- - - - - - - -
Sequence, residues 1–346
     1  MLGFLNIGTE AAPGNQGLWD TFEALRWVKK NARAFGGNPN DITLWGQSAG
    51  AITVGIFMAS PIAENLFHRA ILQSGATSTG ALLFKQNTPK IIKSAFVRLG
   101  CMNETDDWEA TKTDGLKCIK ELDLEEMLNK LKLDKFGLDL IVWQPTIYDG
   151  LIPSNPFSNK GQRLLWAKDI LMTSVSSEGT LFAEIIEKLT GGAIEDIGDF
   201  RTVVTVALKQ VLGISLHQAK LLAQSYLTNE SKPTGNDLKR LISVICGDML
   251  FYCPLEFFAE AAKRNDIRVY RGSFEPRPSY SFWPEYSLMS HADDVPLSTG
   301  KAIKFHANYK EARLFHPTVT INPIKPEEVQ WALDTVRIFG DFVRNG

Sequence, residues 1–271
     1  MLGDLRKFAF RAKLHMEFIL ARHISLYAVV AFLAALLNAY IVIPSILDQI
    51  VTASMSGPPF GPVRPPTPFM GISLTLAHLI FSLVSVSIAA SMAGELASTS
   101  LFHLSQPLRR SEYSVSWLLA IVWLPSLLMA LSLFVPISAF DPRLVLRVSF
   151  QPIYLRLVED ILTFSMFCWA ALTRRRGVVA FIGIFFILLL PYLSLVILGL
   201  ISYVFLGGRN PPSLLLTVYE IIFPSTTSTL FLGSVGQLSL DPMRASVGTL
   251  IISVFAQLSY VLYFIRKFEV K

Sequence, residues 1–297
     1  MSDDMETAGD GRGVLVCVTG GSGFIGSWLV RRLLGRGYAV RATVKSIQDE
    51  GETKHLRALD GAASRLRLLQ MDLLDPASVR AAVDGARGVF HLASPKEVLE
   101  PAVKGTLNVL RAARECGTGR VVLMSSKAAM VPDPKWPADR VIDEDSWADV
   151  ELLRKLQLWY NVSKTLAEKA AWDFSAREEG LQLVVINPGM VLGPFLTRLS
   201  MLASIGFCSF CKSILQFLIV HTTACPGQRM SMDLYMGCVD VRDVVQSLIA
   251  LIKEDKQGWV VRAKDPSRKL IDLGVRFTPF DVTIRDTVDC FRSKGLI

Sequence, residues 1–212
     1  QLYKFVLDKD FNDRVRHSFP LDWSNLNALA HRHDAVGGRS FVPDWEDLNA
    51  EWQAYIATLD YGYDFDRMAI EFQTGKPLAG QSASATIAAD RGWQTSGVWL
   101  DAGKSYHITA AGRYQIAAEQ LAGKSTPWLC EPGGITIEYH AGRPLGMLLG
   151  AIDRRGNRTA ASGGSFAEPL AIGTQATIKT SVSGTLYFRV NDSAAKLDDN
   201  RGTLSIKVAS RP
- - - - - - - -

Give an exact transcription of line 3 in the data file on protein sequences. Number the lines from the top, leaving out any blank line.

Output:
    51  AITVGIFMAS PIAENLFHRA ILQSGATSTG ALLFKQNTPK IIKSAFVRLG